Yeah, I'm a slacker. We've already established this. So, although I meant to post this in time for Valentine's Day, life -- and by life, I mean a bad case of bronchitis, producing a musical with a cast of 92, and my room mom duties -- got in the way. My apologies. Sort of.
Anyway, the other night at dinner, my husband was telling me all about his day. It was just the two of us, since he usually gets home after the kids are in bed, and he'd had a particularly frustrating day at the office. I was trying to "listen actively" and be supportive, really, I was. But all I was hearing was, "Blah blah blah" and "Yada yada yada."
Yes, sometimes I can be Slacker Wife, too, but it's just that I was so tired and had so much still to do -- lunches to pack, a birthday cake to bake, laundry to wash/dry/fold/put away, reading logs to sign -- that I just couldn't stay focused on his monologue. (Similar to the time my roommates and I met some very cute, very drunk Irish guys we couldn't understand. Smile and nod, smile and nod -- my technique was much the same. Take away the Guinness and add some pot roast, and substitute over-tired for drunk, and it was pretty close.) I tried to toss out a few well-placed "uh huhs", but I'm pretty sure he was on to me.
So, I'm sitting there, mind racing, nodding away like a bobble head, fake smile plastered on my face, when it hit me: This is EXACTLY what he does to me when I'm going on about something while he's reading. And when he does it, it makes me CRAZY. I mean, how hard is it to just hear my voice, attend to what I'm saying, and pay some attention? And now I know. Sometimes, that's a tall order.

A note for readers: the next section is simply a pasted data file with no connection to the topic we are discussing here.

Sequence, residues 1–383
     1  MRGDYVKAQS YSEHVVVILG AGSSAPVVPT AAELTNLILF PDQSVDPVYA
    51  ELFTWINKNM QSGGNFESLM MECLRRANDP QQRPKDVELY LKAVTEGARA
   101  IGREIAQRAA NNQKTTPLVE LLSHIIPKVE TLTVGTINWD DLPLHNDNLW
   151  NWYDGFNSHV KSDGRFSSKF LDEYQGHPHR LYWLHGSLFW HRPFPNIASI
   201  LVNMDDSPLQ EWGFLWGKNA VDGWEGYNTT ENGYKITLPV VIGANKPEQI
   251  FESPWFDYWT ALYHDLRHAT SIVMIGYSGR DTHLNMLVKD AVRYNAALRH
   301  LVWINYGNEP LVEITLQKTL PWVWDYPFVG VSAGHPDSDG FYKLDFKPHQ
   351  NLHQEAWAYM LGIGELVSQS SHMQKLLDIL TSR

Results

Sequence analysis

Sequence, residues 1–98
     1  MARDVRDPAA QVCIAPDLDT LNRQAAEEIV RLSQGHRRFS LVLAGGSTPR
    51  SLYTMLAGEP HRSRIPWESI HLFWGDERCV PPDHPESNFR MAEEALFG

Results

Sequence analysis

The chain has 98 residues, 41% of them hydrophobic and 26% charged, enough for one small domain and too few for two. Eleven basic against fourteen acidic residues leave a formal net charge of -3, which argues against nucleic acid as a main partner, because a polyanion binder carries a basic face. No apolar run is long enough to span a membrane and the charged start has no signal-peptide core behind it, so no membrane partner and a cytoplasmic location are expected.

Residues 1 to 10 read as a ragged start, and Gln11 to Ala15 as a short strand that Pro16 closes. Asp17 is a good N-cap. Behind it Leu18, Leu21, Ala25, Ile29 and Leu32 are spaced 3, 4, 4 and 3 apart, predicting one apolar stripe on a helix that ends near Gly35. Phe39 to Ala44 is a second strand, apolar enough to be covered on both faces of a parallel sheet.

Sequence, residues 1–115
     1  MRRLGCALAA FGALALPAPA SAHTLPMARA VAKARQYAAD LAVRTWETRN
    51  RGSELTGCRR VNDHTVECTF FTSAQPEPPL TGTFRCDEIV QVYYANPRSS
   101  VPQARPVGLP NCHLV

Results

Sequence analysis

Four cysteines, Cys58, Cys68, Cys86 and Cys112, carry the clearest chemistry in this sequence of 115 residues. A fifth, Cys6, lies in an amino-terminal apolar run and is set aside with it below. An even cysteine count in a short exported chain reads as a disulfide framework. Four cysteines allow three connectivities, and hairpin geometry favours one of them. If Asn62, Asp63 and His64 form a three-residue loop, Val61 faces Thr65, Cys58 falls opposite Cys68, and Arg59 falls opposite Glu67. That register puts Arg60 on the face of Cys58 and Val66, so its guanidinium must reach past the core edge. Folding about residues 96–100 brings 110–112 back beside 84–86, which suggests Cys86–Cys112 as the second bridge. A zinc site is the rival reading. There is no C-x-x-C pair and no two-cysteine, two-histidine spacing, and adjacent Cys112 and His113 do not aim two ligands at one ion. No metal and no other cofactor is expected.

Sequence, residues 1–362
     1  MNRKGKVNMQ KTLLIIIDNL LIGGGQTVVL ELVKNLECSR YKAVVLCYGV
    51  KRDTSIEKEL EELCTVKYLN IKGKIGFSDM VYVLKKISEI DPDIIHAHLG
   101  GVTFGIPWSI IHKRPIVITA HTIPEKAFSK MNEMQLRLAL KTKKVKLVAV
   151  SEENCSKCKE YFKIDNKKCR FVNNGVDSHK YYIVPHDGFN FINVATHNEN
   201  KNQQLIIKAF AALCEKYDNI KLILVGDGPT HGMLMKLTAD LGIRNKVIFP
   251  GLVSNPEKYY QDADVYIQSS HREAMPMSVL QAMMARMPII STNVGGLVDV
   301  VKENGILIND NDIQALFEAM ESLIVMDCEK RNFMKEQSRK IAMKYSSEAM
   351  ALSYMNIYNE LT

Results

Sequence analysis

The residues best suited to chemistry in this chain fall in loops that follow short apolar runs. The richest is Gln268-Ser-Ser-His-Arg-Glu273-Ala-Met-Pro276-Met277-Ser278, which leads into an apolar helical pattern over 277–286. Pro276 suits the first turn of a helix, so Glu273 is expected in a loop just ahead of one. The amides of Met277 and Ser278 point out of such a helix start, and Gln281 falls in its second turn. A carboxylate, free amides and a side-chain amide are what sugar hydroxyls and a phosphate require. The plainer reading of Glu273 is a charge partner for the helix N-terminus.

While motherhood can be tough, this marriage thing can be pretty challenging, too. At least with the kids, I rule all. They're small, they don't take up much space, they don't snore or shed hair all over the place. They sleep a lot and don't eat very much, they're easy to clean, and their stuff is usually confined to the upstairs area. They pretty much have to listen to me and do what I tell them, or face the wrath of Mommy.
But my husband? Not so much. He'll ask me the same thing four times in one day. No matter how many times I ask him not to put MY tweezers in HIS drawer, guess where I usually find them? Shoes and belt? Anywhere BUT his closet. And why would anyone put his ice cream bowl on the counter next to the dishwasher rather than IN the dishwasher?
He can drive me crazy. Don't get me wrong; he's a great guy. But when I've had to pick up his dirty socks off the floor three days in a row, or pull dirty underwear out of shorts that he's left on the laundry room floor every day for a week, or -- my personal favorite -- when I find a toothpick he left in the center console of my car (and no, I don't know if it was clean or dirty, because I was NOT about to investigate too closely), I start to get a little crazy.
I start to think about all the ways he makes my life more difficult, about all his annoying little habits. I start thinking about that episode of "Friends," where Rachel is moving out so that Chandler can move in. Monica turns to Rachel and wails, "You get to live with Phoebe, and I have to live with a BOY!" He makes me crazy. He makes extra work. He doesn't always listen to me or remember what I say or put my needs ahead of his own.